WASHINGTON (Reuters) - The U.S. Education Department under President Donald Trump and Secretary Betsy DeVos has stopped cancelling the student-loan debt of people defrauded by failed for-profit schools and those borrowers face mounting interest and other burdens, its inspector general said on Monday.
DeVos is seeking to redo the process for cancelling the debts of people who attended Corinthian Colleges, which collapsed in 2015 amid government investigations into its post-graduation rates, and other failed schools.
In the final days of his administration, President Barack Obama approved rules speeding up the debt cancellations. DeVos has delayed implementing those rules, saying they would create significant costs for taxpayers.
According to a report by the inspector general, DeVos also brought the existing cancellation process to a crawl.
Since Trump’s inauguration on Jan. 20, the department has received 25,991 claims for discharging loans. It has denied two requests and approved none, the inspector general, an independent auditor within the agency, found.
That is in contrast to Obama’s final months in office. From July 1, 2016, through inauguration, the department received 46,274 claims and approved 27,986. It denied none.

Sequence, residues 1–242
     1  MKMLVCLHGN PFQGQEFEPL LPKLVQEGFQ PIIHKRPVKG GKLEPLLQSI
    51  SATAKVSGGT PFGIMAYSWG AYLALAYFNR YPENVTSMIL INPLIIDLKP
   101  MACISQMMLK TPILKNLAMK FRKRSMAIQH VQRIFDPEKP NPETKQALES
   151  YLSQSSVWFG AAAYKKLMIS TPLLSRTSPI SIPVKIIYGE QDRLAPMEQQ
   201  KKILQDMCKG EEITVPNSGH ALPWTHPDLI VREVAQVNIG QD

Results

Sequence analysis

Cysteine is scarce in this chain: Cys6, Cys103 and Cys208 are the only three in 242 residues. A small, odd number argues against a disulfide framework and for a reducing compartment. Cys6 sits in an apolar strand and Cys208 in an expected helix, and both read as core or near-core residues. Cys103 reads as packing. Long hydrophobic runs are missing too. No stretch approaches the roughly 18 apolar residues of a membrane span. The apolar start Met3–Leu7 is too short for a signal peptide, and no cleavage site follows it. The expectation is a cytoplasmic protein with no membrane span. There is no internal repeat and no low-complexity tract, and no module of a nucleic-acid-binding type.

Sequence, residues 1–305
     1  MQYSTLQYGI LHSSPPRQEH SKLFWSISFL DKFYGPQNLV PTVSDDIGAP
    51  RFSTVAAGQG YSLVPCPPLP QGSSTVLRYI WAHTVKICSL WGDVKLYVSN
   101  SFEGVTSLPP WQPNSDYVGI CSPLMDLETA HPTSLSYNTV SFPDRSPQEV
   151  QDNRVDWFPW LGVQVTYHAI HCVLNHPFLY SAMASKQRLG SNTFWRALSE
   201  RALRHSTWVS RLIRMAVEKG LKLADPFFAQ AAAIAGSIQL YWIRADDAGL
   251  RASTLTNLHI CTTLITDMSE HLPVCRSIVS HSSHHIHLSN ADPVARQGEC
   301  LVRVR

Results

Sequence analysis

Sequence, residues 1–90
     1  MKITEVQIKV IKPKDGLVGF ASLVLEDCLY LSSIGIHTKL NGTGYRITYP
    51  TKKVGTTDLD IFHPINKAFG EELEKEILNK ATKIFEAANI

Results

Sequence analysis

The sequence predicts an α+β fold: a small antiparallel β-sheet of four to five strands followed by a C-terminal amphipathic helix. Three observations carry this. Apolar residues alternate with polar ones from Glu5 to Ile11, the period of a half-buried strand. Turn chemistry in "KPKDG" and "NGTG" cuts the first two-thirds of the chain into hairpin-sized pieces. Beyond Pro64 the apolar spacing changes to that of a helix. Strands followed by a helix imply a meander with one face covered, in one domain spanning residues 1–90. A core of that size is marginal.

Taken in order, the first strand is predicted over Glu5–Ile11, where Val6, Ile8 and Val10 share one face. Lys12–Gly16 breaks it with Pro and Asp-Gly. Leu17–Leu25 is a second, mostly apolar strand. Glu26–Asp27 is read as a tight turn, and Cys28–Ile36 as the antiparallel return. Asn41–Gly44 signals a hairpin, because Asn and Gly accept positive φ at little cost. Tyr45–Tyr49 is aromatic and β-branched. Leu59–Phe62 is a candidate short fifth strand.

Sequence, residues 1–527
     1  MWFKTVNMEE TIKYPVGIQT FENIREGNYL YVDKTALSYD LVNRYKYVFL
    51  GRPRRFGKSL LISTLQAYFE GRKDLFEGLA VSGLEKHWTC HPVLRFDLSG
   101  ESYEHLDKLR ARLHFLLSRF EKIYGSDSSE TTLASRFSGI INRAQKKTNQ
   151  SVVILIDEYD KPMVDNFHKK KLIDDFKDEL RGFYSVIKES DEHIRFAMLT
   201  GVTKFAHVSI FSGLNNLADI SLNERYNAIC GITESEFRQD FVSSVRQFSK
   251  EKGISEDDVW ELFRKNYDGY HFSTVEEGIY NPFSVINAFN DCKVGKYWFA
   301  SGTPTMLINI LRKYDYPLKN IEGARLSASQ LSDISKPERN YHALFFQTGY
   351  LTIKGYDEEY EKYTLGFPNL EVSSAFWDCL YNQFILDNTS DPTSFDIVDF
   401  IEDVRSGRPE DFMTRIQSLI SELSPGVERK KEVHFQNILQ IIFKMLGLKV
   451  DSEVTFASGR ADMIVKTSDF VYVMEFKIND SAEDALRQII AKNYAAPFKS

Caught in limbo, borrowers are seeing interest and fees accrue and their credit damaged, the inspector general’s report showed. Borrowers could ultimately owe more on a denied discharge than if they had not asked for cancellation and simply continued making payments, the inspector said.
Some state attorneys general have pushed the department to cancel the loans, saying students cannot afford to repay the often-large amounts because the schools did not give them adequate training or a diploma.
The inspector general also found the department did not have a sufficient information system and had to manually retrieve claims data.
“Hundreds of thousands of students were defrauded and cheated by predatory colleges that broke the law, but today’s report confirms Secretary DeVos tried to shirk her responsibility to these students and shut down the borrower-defense program, leaving them with nowhere to turn,” said Senator Patty Murray, the senior Democrat on the Education Committee.
In a memo to the inspector general, A. Wayne Johnson, chief operating officer of the federal student aid program, said the department has “authorized an interest credit” for long-outstanding claims, will resume reviewing some claims and will soon approve claims for 11,000 Corinthian students.
Reporting by Lisa Lambert; Editing by Cynthia Osterman